We Will Remember Freedom: Why It Matters that Ursula K. Le Guin Was an Anarchist

I don’t do a lot of reblogs, probably not enough, but this one, well, it screamed “Re-Blog Me!” So I did. The post will introduce itself, I would only make a mess of it. I have read several Ursuly K. LeGuin books. The ones mentioned here are must read.


I’ve never liked the part of the story when the mentor figure dies and the young heroes say they aren’t ready to go it alone, that they still need her. I’ve never liked it because it felt clichéd and because I want to see intergenerational struggle better represented in fiction.

Today I don’t like that part of the story because… I don’t feel ready.

Last week, I lived in the same world as Ursula Le Guin, a grandmaster of science fiction who accepted awards by decrying capitalism and seemed, with every breath, to speak of the better worlds we can create. On Monday, January 22, 2018, she passed away. She was 88 years old and she knew it was coming, and of course my sorrow is for myself and my own loss and not for a woman who, after a lifetime of good work fighting for what she believed, died…

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9 thoughts on “We Will Remember Freedom: Why It Matters that Ursula K. Le Guin Was an Anarchist

  1. rawgod

    Thanks, S’T, I had not heard of her passing. Her death is a great loss to the science fiction community, but her spirit will be welcomed on the next plane of existence. May she never have to reincarnate in this dimension ever again.


    1. Sha'Tara Post author

      Thanks, rg. As to reincarnating here, who knows? I am coming back, for that is part of the deal with my purpose. Who knows but she has things to say yet, to a different kind of generation, perhaps more understanding and receptive? Not all of us return as victims. I’m here now by choice, a much more difficult journey than I had anticipated, but isn’t that always the case if we are evolving ourselves?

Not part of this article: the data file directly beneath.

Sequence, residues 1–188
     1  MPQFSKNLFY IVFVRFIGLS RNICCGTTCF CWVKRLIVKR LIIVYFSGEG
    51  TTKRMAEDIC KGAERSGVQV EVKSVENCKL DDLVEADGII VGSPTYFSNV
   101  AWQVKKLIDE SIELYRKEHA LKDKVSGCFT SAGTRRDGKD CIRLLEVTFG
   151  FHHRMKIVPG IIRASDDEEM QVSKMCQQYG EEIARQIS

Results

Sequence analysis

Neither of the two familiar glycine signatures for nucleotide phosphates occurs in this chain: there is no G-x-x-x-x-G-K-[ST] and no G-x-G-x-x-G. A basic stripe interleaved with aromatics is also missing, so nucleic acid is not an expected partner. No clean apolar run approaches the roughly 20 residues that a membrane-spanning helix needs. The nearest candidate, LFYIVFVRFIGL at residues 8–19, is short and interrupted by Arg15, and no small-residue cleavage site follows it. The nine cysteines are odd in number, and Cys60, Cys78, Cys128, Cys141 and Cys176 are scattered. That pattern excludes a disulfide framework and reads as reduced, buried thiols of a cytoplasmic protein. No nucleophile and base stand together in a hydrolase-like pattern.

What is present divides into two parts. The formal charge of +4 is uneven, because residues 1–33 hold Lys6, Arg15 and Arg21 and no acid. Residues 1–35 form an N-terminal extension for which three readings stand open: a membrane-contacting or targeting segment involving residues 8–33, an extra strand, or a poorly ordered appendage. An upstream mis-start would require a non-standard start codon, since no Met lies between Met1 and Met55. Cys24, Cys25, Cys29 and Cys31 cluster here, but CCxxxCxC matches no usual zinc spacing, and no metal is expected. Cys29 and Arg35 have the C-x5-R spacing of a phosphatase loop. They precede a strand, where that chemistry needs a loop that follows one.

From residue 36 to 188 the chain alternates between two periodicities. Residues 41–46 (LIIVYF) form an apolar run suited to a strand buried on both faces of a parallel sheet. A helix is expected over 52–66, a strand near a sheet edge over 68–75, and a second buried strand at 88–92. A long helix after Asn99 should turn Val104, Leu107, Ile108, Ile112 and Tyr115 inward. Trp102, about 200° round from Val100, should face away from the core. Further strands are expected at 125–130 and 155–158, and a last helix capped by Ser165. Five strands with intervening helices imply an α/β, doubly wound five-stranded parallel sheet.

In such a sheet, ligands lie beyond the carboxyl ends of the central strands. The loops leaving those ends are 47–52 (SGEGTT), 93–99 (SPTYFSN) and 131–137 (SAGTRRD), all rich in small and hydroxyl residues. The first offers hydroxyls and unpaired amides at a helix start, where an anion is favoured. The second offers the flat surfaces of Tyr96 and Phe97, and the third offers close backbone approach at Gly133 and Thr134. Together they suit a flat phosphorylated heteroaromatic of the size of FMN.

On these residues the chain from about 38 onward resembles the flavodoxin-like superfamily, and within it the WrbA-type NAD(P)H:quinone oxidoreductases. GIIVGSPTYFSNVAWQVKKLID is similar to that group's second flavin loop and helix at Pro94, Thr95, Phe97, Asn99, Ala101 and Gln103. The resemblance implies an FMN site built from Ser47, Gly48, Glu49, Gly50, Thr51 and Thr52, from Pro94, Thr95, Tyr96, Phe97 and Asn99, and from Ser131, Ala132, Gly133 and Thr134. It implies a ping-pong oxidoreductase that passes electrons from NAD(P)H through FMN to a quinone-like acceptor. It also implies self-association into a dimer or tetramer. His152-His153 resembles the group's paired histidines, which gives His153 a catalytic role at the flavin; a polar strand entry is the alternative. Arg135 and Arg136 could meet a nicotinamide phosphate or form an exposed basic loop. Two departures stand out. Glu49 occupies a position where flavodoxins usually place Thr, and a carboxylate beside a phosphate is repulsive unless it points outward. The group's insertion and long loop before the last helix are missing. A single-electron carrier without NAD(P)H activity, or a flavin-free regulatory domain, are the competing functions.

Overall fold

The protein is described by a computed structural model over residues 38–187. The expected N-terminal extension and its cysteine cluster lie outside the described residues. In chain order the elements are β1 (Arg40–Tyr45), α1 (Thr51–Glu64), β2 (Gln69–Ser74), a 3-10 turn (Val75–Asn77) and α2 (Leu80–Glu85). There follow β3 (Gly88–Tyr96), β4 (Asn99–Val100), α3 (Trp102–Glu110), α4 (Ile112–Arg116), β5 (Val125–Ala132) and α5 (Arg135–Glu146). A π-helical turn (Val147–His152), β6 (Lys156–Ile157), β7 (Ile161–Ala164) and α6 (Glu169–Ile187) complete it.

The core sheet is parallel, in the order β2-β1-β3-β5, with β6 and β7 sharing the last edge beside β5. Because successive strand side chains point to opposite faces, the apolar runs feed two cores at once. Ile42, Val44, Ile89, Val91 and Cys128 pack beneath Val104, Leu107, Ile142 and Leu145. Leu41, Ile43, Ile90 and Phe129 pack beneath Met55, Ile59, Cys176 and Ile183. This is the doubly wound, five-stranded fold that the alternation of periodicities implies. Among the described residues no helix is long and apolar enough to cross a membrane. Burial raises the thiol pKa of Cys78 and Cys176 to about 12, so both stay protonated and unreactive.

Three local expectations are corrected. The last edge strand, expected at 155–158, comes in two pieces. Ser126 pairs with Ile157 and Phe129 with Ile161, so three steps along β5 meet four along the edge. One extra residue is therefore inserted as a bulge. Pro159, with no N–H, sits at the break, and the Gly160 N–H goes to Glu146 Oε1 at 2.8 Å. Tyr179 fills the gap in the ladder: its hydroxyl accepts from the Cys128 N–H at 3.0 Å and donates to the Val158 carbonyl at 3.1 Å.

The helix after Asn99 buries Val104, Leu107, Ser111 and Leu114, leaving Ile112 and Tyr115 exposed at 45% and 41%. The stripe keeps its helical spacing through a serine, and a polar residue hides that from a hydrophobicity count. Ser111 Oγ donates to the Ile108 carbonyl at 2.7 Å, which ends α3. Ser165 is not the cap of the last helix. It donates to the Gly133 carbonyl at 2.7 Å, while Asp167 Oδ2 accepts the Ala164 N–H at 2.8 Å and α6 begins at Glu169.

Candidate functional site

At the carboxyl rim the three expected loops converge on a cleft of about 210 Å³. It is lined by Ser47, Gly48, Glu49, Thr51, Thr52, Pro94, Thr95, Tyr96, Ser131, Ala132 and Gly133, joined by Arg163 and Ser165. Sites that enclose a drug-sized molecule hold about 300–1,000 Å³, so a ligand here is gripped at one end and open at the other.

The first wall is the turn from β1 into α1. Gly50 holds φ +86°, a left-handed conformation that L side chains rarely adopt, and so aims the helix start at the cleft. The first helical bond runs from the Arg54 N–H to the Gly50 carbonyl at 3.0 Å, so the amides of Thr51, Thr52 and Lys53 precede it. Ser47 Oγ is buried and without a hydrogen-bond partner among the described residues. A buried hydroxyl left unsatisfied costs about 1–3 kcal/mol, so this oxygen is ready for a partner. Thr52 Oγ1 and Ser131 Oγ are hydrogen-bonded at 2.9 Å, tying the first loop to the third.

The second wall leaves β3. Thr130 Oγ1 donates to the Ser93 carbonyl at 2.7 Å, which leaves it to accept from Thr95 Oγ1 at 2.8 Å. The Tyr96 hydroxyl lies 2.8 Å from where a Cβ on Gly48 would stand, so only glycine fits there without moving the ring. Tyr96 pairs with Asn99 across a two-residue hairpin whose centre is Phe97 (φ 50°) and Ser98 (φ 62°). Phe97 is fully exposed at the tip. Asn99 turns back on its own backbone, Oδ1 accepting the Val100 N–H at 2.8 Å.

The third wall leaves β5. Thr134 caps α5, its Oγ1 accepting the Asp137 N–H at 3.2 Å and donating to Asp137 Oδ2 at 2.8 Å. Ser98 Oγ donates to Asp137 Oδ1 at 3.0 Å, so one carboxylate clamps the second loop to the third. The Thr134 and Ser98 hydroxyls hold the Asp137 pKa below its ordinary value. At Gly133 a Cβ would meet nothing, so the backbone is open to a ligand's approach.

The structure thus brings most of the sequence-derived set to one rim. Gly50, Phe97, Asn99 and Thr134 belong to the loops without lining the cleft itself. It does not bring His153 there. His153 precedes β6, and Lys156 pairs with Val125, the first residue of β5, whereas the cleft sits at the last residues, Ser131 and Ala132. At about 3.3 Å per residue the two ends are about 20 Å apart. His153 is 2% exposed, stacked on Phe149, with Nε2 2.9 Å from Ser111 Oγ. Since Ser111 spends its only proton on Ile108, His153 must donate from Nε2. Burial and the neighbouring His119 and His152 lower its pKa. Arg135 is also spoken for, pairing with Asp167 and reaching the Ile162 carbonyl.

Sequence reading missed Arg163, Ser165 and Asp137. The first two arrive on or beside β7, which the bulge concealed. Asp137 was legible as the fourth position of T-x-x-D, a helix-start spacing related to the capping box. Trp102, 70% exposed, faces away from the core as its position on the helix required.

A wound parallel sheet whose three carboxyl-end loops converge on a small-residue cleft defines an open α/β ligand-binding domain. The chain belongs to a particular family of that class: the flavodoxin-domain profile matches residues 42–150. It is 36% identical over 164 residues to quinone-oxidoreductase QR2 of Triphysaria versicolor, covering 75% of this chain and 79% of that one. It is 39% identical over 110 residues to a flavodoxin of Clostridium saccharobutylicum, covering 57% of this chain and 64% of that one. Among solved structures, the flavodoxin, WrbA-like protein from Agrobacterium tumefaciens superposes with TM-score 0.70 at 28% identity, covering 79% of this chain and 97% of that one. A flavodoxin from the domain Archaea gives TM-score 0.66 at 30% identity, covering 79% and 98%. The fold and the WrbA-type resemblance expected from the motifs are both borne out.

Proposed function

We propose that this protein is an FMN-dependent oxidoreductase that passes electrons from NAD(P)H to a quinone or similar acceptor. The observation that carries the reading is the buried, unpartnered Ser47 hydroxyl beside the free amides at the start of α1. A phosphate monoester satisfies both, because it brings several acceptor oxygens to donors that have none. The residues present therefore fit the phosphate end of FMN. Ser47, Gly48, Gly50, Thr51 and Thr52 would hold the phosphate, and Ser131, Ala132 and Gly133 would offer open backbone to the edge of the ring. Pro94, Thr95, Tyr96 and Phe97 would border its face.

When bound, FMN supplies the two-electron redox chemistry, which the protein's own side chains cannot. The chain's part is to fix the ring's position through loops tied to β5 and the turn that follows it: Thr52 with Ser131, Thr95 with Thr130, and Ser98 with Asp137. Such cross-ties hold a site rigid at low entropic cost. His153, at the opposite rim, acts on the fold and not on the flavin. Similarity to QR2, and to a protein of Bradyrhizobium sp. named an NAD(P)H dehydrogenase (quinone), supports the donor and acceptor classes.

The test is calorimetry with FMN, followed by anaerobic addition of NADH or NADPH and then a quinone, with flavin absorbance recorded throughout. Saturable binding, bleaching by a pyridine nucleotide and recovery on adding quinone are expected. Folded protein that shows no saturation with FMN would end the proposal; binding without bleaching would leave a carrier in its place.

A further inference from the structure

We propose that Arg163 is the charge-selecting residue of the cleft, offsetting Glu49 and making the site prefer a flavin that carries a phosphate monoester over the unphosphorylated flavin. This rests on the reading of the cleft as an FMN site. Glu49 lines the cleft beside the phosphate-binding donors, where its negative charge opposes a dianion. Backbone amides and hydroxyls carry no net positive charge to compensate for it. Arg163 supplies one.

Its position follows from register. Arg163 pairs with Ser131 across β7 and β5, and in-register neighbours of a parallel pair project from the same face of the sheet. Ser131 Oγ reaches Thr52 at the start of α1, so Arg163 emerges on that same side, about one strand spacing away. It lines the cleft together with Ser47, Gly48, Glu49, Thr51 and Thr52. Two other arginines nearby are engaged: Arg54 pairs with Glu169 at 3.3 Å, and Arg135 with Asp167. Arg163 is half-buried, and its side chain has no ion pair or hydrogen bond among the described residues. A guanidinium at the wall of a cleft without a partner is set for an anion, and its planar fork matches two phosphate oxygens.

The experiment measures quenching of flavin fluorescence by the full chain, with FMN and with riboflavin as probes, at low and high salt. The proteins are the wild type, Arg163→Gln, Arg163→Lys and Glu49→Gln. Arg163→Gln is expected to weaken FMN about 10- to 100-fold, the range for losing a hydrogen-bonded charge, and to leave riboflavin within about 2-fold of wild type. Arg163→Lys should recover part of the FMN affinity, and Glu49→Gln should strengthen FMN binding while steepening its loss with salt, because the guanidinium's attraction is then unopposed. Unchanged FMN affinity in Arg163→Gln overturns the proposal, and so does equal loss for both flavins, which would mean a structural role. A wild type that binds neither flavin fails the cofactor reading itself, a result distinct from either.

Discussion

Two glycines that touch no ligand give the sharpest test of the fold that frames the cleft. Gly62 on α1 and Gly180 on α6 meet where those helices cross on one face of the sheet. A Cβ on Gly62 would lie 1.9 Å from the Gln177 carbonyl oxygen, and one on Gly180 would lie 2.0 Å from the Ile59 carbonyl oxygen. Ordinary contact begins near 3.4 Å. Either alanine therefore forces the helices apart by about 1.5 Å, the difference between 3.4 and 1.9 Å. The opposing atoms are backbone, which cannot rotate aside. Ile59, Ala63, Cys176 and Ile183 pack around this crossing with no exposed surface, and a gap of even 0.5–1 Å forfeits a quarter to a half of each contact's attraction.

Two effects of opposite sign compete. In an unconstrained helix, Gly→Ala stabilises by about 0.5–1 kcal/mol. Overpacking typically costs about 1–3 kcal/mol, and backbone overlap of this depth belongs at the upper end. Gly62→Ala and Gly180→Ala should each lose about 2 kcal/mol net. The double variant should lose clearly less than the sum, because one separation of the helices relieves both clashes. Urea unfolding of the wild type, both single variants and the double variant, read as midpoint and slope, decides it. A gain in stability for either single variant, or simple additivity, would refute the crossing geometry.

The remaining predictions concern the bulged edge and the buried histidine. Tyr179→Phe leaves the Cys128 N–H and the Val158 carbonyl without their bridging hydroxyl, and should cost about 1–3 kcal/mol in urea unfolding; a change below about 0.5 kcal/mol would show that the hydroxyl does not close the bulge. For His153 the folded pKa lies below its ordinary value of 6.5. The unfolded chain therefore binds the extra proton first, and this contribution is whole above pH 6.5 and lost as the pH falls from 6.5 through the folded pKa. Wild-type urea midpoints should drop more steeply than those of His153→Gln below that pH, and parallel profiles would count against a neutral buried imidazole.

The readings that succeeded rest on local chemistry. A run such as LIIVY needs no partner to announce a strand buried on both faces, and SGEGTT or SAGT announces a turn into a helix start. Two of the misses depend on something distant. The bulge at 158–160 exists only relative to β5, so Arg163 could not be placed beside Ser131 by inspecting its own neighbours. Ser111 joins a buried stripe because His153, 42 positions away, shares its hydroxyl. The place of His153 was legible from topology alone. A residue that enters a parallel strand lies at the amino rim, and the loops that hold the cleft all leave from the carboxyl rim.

1. rawgod

        The more evolved, the harder the struggle yes. That is why I am always excited to meet someone with a similar level of consciousness. I have spent most of my life alone, role modelling for people who have no desire to know what life has to offer. I take my comfort in knowing that once upon a time I stood where they now stand, and somehow I struggled my way forward. This always gives me hope, because if nobodies like you and me can pull ourselves up, so can anyone else, and everyone else!


      2. Sha'Tara Post author

        Quote: “if nobodies like you and me can pull ourselves up, so can anyone else, and everyone else!” That is certainly how I see it. I think it is the sentiment of all those who find themselves more or less where you and I are at: If I can do it, so can anyone else. I remember when a preteen thinking the other way, and it propelled me to do whatever it took to “excel” or beat the system, and that was, ‘whatever anyone else can do, I can do also and perhaps better.’ That was one of the ways up and out from the dark places. Self motivation, I suppose.


      3. rawgod

        Self-motivation, yes, but more, I think a lot more. In my case, I think it started with realizing there was more to me than my earning power, more than my basic ability and intelligence. In my own words, it was discovering I was a spiritual being, and all that could entail. Yeah, I knew I was different than most of my friends and acquaintances, but it wasn’t enough to just be different. I needed to see myself as someone capable of going where no one I then knew could ever think to go. That was not an easy search, nor was it a short one.
        But eventually I got there, and that opened so many doors for me. There is so much I could say (actually, did say, and then erased it all, lol) because while it is important to me how I got here, it is truly only important that I got here. And I presume it is that way for you too, now that we are here. Because it is here that we can do our best to demonstrate to others how life can be lived, not just as an individual, but as a member of an entire species, as a member of all species together. At least, this is my concept of it. Just this morning I held a door open for someone who was coming through that same door, but probably 20 paces behind me. I saw him coming, and waited till he caught up, and I uvhered him through. He said, “Thanks, but you didn’t need to worry about me.” Without thinking or hesitation I said back to him, “I worry about everyone. ” I didn’t really expensive t him to say anything in rdurn, and he didn’t, but he did give me a look like, “You really do worry about everyone, don’t you.” And that’s just the way I am, now…


      4. Sha'Tara Post author

        I do follow you in this. It’s what compassion does, it activates the responsibility reflexes. It becomes so personally important to not only do what is right and proper, but to anticipate needs and remain in a state of mind that says, “I’m here for that.” or, “It’s what I do.” And nothing’s ever the same after that nor is there any turning back. My take.


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